When it comes to reputation, there are many schools of thought, but I like to think that like most things, those schools can be boiled down to a straightforward binary.
Some people believe that once you have a reputation, it’s locked in for life, and therefore basically immutable. If you have a reputation as, say, one of the top five rappers of your time, subscribers to this view will never accept that you are anything but, and will have a hard time updating their lists to account for recent output or changing times.
Others believe that a reputation is only as good as its most recent proof. These folks wonder “what have you done lately,” and won’t hesitate to rewrite an artist’s perception in real time if they don’t believe that the artist’s latest work lives up their legacy.
If you’re one of the former, Nas’ latest album, the outtake collection called The Lost Tapes 2 is likely satisfactory to maintain Nas’ reputation as one of the all-time greats. If you’re the latter, you’ll likely see it as the latest link in a growing chain of evidence that Nas may have been great, his “all-time” status should be questioned.
For many fans, Nas’ reputation has been certified ever since Illmatic, which is all the backing they need to support their continued approval of the veteran rapper through his career ups and downs. Even his least-liked albums, I Am and Nastradamus, have undergone something of a reevaluation in the eyes of his staunchest supporters in recent years, causing some to refute Jay-Z’s “one hot album every ten-year average” claim against his onetime foe.
Meanwhile, for others, the beat selections and often wacky musings of the Queensbridge spitter on those albums — and on others, like Hip-Hop Is Dead and Street’s Disciple — have been used to fuel a narrative that casts Nas as a washed-up former superstar who is unable to come to terms with the modern trappings of hip-hop or the unpopularity of his odder beliefs.
The one place both sides seemed to find common ground was on the previous The Lost Tapes, which found Nas once again balancing the urgency of his personal narratives and the vivid details of his more fanciful, gangster movie-inspired tableaus. The disjointed and awkward beats which often brought him so much ridicule were nowhere in evidence as he opted for more traditional, soulful tapestries that better highlighted his verbal gifts. The Lost Tapes seemed to beg the question: If these are just his throwaways, why does he keep giving us dinky sounds and half-baked radio overtures?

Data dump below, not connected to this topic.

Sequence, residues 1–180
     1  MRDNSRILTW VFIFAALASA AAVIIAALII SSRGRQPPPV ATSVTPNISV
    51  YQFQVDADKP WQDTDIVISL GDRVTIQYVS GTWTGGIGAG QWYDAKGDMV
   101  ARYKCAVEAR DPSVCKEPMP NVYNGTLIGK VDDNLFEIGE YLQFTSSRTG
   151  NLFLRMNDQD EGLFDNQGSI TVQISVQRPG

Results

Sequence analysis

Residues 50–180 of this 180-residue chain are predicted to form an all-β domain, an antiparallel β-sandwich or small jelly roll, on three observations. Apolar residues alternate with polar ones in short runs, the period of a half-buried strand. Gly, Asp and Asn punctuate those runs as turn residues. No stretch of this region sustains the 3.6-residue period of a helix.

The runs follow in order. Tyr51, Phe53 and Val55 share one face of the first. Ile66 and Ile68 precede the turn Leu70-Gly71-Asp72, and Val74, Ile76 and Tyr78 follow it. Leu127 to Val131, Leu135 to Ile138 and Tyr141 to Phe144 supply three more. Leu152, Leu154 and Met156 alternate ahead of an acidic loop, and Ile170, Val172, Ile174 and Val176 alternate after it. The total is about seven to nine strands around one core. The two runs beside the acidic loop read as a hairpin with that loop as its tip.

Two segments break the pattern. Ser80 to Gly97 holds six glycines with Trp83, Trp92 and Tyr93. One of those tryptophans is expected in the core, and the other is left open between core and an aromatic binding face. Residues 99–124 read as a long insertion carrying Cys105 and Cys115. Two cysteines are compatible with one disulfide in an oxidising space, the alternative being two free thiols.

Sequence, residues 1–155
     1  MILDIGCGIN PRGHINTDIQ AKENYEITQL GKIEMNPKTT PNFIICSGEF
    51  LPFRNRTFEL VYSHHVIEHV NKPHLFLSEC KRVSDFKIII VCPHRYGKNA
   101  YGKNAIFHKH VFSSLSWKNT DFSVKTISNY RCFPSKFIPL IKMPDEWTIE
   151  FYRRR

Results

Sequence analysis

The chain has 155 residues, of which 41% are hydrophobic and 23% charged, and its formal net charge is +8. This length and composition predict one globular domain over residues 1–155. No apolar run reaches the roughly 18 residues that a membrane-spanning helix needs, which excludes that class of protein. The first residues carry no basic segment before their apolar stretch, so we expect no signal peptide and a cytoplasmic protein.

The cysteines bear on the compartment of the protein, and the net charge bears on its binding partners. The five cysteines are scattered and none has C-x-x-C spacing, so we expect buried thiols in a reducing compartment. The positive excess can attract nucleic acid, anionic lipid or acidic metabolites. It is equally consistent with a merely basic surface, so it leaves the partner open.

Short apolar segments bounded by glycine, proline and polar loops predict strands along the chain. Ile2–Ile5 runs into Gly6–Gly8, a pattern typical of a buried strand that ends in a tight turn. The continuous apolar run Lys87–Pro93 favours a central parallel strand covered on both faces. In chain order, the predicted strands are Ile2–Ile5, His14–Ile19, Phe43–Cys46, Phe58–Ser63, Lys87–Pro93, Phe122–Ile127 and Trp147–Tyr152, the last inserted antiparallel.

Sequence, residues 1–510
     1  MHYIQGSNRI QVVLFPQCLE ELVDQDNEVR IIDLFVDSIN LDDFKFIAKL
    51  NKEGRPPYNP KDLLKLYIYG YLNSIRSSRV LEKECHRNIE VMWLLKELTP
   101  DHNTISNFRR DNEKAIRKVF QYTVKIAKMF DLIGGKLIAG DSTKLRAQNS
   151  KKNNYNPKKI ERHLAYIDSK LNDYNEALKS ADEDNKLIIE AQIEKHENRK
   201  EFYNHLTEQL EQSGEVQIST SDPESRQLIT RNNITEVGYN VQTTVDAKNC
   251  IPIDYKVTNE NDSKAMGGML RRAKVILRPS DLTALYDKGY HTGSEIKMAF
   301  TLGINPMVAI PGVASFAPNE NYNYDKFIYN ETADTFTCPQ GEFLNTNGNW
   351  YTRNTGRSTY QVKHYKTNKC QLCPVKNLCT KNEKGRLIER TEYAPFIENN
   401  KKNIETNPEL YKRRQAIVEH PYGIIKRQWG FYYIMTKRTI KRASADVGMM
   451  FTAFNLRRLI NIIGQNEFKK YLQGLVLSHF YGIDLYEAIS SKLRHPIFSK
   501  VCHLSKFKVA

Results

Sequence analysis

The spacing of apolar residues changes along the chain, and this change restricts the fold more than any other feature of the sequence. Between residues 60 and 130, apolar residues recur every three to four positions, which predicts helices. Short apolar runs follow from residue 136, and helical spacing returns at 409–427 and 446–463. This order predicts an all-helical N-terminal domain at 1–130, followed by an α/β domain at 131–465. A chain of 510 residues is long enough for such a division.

It makes sense that he’d want to return to that unifying project during the time his reputation is at its most polarized, but it seems he’s destined to forever operating a hair out of step with the times. Where the original Lost Tapes brought fans and critics together, this one seems as though it will only further polarize listeners’ views of the titanic figure, who lives up to both sides of his rep here. He is by turns the sage, inimitable lyricist and the wonky conspiracy theorist, the rapper who can rap on any beat but should probably stop trying to prove it.
Plenty of side-eyes will be directed at the frantic rapping and jarring, experimental jazz beat on “Jarreau Of Rap (Skatt Attack),” where Nas attempts to rhyme along to a “Flight Of The Bumblebee”-esque piano pattern rather than the scattershot drums — it’s an impressive trick, but it’s also practically unlistenable for all its novelty. Even worse at times are the hooks — whether provided by RaVaughn or Swizz Beatz, they are not enjoyable or catchy enough to support their respective songs.
Yet, when Nas is on point, as he is on “Lost Freestyle,” “The Art Of It,” and especially the sweet, reflective “Queensbridge Politics,” he reminds why his reputation is as solid as it is. These are Nas at his best, unrestricted by commercial considerations and completely in his element. It’s when he tries to do anything other than straightforward, street-centric narratives that he falters. Given how much of this material dates back to his prior, critically middling projects, it happens more than fans might hope.
Nas has never sounded as old as he does on the tracks from his Hip-Hop Is Dead sessions — considering that he sounded like a gruff, out-of-touch old head on much of that project, he dates himself even more here. Meanwhile, the Life Is Good-era recordings (“You Mean The World To Me,” “Royalty”), bitter as they are, read even worse in the wake of Kelis’ accusations against him — like the gaslighting efforts of a guilty man. At best, Nas sounds nostalgic for better days (at least for himself). At his worst, he sounds regressive and a little loopy — “Tanasia” is an especially low point.
While The Lost Tapes 2 doesn’t do enough to justify its existence, Nas’ reputation is enough to bring in listeners, if only to confirm to themselves what they already thought going in. There’s more than enough material to prove that he’s long past his expiry date, and plenty still to confirm that he’s one of the best to ever pick up a mic. Nas himself says he has enough unreleased material recorded to fill both a Lost Tapes 3 and a Lost Tapes 4. He may never have to record a new album again.
The Lost Tapes 2 is out now via Mass Appeal Records and Def Jam Recordings. Get it here.